It's industry's persistent theme: Lie a little, profit a lot.

On the other hand, if it turns out that longer-term exposure is harmful to a measurable degree, carefully done epidemiological research will reveal that.

Maybe it will, maybe it won't, if the problems with the INTERPHONE study and its authors are any indication - I think it's just as equally possible the first red flag could be an "epidemic" of acoustic neuroma considering the way this is going.

It's also good to remember exactly what the risks and trends for brain cancer are.

Perhaps the number of brain tumors is decreasing overall but the incidence of Glioblastoma Multiforme (and others of its type) is actually increasing according to the papers I've read, which isn't accounted for in the link you've posted. Try the Central Brain Tumor Registry of the United States.

As for the existence of specific and non-thermal microwave effects which you question the repeatability of, the jury is still out, but people seem to be using it to a certain degree already, and there are some phenomena that seem to be only explainable by it (see green fluorescent protein). These papers have held up to others' scrutiny so far:

Bohr, H. and J. Bohr, “Microwave-enhanced folding and denaturation of globular proteins,”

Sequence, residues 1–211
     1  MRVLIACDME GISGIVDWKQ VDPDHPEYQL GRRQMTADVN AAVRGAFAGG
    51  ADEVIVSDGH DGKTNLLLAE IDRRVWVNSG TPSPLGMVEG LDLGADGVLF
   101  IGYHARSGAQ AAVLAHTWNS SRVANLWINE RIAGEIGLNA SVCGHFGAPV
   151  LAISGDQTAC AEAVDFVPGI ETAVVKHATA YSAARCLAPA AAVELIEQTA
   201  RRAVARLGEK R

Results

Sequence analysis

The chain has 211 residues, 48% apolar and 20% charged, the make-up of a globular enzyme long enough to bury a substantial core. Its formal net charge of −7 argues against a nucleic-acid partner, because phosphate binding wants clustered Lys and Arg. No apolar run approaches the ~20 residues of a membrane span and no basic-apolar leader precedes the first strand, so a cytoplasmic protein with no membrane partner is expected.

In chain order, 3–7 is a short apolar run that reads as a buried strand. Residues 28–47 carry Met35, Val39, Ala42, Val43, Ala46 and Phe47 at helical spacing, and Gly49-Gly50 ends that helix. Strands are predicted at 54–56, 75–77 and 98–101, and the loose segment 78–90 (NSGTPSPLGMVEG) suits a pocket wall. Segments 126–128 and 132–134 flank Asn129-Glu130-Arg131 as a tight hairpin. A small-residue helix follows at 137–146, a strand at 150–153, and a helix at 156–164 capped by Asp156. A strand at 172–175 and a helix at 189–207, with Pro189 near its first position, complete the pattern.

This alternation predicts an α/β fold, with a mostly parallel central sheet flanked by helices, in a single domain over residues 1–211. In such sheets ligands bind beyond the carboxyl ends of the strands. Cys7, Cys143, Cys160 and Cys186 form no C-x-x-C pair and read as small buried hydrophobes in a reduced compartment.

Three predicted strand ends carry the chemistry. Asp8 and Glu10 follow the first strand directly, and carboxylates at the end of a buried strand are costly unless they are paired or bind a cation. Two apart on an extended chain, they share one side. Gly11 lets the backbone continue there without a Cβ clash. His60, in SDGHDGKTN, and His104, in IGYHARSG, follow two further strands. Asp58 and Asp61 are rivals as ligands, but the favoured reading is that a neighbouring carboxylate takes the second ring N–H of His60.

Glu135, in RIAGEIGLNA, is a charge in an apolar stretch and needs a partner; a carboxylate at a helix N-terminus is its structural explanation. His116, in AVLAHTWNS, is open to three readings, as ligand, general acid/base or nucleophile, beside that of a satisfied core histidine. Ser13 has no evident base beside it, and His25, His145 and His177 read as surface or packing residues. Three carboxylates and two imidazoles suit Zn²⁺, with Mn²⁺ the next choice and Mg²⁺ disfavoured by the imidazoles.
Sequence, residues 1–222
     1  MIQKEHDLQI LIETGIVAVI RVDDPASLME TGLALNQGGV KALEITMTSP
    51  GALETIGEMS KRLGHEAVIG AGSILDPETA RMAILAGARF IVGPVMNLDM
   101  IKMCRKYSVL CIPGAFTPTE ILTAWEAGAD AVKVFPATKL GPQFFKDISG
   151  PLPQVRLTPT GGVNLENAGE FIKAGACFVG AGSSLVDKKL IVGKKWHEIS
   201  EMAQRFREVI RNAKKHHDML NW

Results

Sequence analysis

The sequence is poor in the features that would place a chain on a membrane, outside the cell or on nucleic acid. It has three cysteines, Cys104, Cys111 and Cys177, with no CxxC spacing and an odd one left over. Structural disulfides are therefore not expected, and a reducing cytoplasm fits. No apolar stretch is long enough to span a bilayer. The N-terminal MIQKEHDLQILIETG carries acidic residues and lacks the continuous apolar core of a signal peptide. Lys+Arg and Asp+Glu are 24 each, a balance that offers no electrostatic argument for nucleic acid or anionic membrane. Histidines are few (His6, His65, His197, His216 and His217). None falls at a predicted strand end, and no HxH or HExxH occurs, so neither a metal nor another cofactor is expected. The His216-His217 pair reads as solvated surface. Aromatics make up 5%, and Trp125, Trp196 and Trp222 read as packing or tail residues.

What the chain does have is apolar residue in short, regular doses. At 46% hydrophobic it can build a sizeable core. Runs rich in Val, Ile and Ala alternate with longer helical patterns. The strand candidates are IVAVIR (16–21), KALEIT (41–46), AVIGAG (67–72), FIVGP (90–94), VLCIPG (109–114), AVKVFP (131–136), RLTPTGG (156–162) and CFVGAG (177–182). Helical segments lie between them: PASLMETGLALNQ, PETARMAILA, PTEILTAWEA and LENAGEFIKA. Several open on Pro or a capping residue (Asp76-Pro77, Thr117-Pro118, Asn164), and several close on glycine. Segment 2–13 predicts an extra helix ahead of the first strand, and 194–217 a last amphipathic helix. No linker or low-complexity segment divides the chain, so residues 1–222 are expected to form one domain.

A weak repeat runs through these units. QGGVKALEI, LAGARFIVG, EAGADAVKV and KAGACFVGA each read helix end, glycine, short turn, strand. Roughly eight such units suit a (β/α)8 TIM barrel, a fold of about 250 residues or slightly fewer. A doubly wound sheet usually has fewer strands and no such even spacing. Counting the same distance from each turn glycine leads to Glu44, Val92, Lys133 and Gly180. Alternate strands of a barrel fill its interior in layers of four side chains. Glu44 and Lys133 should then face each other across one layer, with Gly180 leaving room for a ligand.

Phys. Rev. E, Vol. 61, 4310–4314, 2000.

Copty, A. B., Y. Neve-Oz, I. Barak, M. Golosovsky, and D. Davidov, “Evidence for a specific
microwave radiation effect on the green fluorescent protein,” Biophys. J., Vol. 91, 1413–1423,
2006.

George, D. F., M. M. Bilek, and D. R. McKenzie, “Non-thermal effects in the microwave
induced unfolding of proteins observed by chaperone binding,” Bioelectromagnetics, Vol. 29,
324–330, 2008

etc.

and if you find that interesting, you may be interested in this:

A case-control study of occupational magnetic field exposure and Alzheimer's disease: results from the California Alzheimer's Disease Diagnosis and Treatment Centers

If anyone else is also skeptical about the this topic in the same direction I am, you can read more here at BioInitiative Report: A Rationale for a Biologically-based Public Exposure Standard for Electromagnetic Fields (ELF and RF), Cellphones and Brain Tumors 15 Reasons for Concern Science, Spin and the Truth Behind Interphone August 25, 2009 (PDF).

I hope you're at least getting paid for all this writing work Mental Wimp, I'm not.